Once again, I see no point in saying anything about Netanyahu’s speech. Apparently people were waiting for it eagerly. I didn’t even know it was suppose to happen. That could probably be easily explained by the fact that I’m new to all these etiquette of politics. Of course, once I saw it, I saw absolutely no shifting in policy and no real repentance. As such, I can go on and talk about more meaningful things, than the blathering of a murderer.
My fifth protest in Bil’in will be marked with bewilderment and a strengthening resolve to make a change in the methods of the ongoing struggle, whether it’s my place to suggest such changes, or not.
The eery feeling started off with the fact that we were less protesters than usual. The confusion would grow as we actually reached the gate of the Bil’in fence, with no tear gas being fired. The army was taking it’s time to even make its presence. Although never out of site, there were no soldiers at the fence, when we got there. There were calls to abolish the wall and protestors started opening the gate, as usual. The soldiers lined the fence at this point. They had their plastic shields with them and did nothing but stand there. The kids started jeering at them and throwing a heavy amount of stones. The soldiers didn’t move much. Every once in a while they fired a few gas grenades. Nothing that would deter us completely.
As an ex-soldier, I don’t understand what was going on exactly. I don’t think I would have agreed to just standing there, and I don’t know what the point of this inaction is supposed to achieve. Especially since the fact that by the end of the protest, they would shoot yet another massive amount of gas into the unarmed crowd and the shrubbery-covered orchard of the unfortunate Palestinian home at the edge of the town, which caught fire.
I assumed that there must be a media ploy behind this. otherwise there’s never a good reason for the army not to shoot the crap out of us. Although I can’t confirm for sure, I can guess that there was a general order to the Israeli forces in the area. In Nil’in, the neighboring village:
"… journalists and photographers showed up on the soldiers’ side. It seems that the army had staged a media event in order to demonstrate the leniency it employs during these protests…"
On the Ritual of Throwing Stones
Stone throwing has become a strange ritual, which Palestinian children engage in. Personally, I see a therapeutic value in this- the children take out their aggression, directly at the oppressors. On the other hand, it’s clear to me that this is hardly a clinical solution for traumatic stress. For someone coming from outside, whether internationals or Israelis, this practice seems futile (rocks against an army), inciting (in the heat of the moment violence incites violence) and stupid (we know exactly what the mainstream media does with these images). I call it a ritual, because, at this point it seems to be done thoughtlessly, yet not instinctively.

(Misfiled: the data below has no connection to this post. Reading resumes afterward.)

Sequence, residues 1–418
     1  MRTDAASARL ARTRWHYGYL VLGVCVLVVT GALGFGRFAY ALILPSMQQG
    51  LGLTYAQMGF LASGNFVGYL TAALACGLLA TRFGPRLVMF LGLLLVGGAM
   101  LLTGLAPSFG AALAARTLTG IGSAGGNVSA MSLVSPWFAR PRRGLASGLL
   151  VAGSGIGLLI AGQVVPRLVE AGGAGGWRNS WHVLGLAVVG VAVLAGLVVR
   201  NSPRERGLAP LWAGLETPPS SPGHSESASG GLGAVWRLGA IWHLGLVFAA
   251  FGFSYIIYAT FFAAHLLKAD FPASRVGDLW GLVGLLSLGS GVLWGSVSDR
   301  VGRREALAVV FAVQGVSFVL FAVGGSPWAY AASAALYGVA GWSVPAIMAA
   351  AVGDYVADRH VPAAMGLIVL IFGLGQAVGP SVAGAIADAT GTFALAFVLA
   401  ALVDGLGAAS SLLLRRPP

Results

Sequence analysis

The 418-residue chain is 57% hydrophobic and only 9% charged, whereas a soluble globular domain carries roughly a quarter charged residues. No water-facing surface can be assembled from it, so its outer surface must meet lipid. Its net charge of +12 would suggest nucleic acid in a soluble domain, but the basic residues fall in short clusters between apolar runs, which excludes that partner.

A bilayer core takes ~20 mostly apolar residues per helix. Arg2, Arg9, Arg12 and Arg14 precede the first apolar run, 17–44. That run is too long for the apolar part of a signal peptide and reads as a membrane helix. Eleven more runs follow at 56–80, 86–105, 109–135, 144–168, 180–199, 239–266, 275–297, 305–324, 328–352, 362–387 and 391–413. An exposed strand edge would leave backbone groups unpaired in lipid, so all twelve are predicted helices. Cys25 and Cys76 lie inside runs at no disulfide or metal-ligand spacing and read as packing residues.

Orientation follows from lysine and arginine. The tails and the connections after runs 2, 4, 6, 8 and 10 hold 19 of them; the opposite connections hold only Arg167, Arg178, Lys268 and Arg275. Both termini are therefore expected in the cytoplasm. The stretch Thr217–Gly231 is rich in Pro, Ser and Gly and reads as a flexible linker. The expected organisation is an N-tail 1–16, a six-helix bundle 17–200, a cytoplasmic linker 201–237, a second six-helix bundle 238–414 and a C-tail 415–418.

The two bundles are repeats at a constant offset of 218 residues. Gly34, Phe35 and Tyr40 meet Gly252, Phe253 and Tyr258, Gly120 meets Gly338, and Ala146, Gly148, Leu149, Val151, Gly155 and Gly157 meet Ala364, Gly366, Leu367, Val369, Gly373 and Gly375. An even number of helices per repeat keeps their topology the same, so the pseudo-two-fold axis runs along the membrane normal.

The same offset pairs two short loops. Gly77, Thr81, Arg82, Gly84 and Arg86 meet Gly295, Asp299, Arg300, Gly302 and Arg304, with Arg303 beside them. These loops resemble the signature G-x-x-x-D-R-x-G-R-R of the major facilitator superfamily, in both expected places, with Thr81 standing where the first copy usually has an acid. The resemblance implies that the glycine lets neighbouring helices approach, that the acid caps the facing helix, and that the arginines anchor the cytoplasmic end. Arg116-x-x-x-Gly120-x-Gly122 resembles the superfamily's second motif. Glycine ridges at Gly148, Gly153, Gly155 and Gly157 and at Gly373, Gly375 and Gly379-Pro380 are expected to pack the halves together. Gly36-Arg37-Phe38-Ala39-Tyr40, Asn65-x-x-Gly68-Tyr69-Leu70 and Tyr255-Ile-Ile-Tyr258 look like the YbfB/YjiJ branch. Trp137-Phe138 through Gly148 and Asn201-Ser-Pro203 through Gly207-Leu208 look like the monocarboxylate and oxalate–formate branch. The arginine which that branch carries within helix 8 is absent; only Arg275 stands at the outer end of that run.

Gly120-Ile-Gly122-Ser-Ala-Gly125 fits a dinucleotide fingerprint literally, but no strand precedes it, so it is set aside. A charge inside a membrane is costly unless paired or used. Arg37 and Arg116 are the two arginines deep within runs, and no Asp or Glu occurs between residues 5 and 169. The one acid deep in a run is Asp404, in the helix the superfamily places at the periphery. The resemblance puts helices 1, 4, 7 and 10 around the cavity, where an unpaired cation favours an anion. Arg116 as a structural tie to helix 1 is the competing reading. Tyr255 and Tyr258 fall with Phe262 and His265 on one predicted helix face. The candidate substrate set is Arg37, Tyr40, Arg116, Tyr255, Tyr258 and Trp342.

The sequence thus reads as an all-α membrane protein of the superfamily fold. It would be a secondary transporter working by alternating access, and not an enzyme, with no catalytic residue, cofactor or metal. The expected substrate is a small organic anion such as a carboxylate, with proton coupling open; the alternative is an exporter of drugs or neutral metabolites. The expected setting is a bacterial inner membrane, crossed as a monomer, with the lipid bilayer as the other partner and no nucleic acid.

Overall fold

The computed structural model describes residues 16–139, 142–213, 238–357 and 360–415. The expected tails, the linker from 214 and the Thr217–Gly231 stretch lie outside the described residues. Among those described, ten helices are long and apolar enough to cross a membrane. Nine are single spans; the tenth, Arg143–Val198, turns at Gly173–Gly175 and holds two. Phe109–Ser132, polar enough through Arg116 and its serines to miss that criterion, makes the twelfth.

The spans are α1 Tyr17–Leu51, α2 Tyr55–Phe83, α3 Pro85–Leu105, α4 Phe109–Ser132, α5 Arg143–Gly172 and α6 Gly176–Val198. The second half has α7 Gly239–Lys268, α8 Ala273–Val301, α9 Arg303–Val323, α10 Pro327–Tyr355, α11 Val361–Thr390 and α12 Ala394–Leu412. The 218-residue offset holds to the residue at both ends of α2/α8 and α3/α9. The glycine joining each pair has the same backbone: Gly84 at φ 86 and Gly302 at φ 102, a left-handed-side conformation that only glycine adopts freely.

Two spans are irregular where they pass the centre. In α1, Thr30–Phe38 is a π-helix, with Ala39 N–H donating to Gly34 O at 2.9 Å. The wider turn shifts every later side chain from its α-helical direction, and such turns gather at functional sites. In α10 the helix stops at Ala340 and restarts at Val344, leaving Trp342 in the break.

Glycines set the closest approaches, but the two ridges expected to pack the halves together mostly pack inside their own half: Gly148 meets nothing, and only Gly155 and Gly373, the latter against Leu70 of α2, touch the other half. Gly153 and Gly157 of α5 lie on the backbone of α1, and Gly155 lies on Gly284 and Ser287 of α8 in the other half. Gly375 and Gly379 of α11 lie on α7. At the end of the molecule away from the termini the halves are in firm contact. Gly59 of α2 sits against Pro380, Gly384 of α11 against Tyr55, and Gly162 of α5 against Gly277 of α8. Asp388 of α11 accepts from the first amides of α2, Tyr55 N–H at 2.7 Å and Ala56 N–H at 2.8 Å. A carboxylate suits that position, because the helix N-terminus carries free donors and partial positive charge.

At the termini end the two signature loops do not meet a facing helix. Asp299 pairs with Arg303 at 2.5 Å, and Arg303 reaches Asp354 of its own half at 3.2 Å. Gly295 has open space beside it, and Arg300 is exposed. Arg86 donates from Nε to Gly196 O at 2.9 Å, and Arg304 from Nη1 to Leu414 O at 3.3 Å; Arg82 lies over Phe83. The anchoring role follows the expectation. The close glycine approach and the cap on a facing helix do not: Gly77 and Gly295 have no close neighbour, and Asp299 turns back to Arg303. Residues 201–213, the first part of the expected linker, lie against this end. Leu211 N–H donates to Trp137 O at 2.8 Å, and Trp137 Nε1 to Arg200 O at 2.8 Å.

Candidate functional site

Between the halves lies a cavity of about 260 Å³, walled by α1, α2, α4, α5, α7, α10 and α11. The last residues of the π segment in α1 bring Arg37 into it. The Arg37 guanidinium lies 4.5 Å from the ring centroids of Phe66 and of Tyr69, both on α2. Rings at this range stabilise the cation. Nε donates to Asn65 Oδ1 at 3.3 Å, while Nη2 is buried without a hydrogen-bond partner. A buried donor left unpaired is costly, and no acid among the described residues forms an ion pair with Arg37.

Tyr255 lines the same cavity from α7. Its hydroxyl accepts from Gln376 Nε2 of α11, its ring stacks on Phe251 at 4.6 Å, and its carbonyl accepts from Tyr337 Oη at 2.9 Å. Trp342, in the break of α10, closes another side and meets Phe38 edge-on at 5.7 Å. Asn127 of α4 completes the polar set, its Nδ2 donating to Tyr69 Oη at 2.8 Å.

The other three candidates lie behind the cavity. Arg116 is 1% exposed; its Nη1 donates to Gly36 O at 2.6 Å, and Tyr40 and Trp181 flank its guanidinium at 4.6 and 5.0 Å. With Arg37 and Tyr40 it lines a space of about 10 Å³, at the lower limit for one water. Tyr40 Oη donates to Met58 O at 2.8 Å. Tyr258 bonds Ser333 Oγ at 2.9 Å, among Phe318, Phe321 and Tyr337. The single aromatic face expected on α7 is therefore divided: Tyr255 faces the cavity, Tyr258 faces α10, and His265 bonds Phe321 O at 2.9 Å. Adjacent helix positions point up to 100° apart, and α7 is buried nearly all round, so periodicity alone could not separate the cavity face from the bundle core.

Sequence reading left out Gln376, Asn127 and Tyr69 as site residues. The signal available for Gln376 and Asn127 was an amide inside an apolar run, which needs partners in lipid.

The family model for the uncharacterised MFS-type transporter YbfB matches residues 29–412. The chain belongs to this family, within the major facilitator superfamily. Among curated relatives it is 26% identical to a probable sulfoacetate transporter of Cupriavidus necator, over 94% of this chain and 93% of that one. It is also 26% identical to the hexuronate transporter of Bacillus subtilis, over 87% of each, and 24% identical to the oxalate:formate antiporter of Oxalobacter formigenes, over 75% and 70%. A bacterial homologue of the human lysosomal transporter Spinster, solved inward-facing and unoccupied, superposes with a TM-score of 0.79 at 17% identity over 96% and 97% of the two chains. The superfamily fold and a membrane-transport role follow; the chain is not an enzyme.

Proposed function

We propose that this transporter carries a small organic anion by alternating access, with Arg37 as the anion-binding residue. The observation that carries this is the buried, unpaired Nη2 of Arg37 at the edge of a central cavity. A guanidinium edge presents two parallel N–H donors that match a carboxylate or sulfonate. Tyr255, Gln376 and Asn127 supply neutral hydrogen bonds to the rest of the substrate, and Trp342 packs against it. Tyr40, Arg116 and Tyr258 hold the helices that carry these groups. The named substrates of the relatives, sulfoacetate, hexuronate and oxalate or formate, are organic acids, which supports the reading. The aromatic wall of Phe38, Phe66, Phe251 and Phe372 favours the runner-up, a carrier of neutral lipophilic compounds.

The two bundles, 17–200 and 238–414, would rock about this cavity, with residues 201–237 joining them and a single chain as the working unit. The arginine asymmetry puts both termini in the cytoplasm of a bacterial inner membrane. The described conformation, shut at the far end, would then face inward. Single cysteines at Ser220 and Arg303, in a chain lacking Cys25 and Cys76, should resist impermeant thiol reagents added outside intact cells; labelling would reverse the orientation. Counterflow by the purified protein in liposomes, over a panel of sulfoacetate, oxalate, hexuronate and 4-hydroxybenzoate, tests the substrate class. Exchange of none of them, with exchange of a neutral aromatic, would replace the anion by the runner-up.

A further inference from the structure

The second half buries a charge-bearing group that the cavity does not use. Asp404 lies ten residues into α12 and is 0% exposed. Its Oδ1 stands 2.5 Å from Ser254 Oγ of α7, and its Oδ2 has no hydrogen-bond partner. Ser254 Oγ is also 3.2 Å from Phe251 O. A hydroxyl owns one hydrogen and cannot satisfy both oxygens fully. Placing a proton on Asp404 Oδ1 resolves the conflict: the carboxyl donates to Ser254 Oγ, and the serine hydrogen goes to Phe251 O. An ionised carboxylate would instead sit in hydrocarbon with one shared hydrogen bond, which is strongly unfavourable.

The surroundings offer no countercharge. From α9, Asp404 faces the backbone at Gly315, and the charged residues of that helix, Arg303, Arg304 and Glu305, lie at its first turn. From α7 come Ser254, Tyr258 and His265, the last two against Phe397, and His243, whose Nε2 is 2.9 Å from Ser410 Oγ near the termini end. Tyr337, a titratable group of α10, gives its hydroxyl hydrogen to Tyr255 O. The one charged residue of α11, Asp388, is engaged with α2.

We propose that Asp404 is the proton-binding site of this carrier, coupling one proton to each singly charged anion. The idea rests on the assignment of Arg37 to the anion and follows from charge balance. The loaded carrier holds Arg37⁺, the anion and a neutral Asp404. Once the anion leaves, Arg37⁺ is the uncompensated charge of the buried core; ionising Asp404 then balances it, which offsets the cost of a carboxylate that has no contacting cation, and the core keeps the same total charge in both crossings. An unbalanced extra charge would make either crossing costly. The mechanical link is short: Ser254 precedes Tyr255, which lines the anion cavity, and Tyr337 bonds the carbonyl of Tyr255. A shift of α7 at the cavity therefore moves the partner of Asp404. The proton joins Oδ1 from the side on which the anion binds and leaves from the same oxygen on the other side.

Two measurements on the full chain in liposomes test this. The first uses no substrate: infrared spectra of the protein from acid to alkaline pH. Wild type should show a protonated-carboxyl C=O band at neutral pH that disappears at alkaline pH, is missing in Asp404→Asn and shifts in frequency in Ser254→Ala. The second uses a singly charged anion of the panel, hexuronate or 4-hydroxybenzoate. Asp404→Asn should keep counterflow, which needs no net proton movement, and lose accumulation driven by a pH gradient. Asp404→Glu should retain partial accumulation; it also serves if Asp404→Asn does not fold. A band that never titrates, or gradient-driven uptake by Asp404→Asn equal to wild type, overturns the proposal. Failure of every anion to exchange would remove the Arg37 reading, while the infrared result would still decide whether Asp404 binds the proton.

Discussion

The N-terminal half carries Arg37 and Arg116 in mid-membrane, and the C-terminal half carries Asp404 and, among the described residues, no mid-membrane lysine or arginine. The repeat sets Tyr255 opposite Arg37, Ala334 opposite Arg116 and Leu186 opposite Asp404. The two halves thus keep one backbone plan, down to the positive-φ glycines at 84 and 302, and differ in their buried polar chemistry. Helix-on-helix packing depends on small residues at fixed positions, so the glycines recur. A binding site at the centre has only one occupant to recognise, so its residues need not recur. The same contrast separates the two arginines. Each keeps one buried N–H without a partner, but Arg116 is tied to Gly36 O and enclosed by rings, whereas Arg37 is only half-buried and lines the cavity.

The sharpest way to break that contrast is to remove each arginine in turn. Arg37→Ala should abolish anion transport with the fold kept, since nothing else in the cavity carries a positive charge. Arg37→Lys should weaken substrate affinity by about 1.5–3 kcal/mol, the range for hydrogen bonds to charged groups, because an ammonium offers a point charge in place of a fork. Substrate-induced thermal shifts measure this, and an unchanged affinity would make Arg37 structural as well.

From what I’ve been able to understand (I stress this is only my personal opinion, and I’m hardly an expert on human behavior), this ritual is also part of a macho, nationalistic character that is growing within the Palestinian youth. The stone throwing is only done by boys (Palestinian women don’t usually take part in the protests), it’s a way for them to prove their manhood. While the older generation (today in their 50′s) chant "no to the wall" and "return what you stole", the kids are swearing and using gender slurs. From what I gathered, speaking with the older generation, their claim to land is personal. The younger generation has a principled outlook, that is more about the struggle as a goal than a means.
This is, of course, very understandable, seeing as they were born into the existing reality, and know no other. But I see it as Israel’s victory. There are four living generations of Jews on the land of Palestine, that were born here. A just resolution of the occupation, would be to respect all born in Palestine, as no one had a choice in the matter. Israel has succeeded in creating a racial hatred in the Jewish population for the Palestinian population, and as the years go by, it creates a racial hatred inside the Palestinians for the Jews.
It seems to me, that on all fronts, the Palestinian struggle is decentralized. There is no plan, no strategy, no rules of conduct, that would create a united front. Even in the Bil’in protests, I see a microcosms of the struggle. The organizers rely upon the history of peaceful struggle, the youth take a more aggressive approach, and there seems to be either no dialogue between them, or a disagreement (I can’t say for sure as I’ve yet to have a conversation about this with them).
I’ve asked a bit about the history of Bil’in and was told that for about two years, the demonstrations were creative and organized. Then I asked the inevitable "what happened?", and was told the inevitable "erosion. It takes time, creativity, and effort." Every conversation I have about this issue strengthens my feelings that Palestinians need support in the struggle itself. More creative ideas, more positive energy, more resources, and- most importantly- more positive engagement for the kids, who are born under occupation.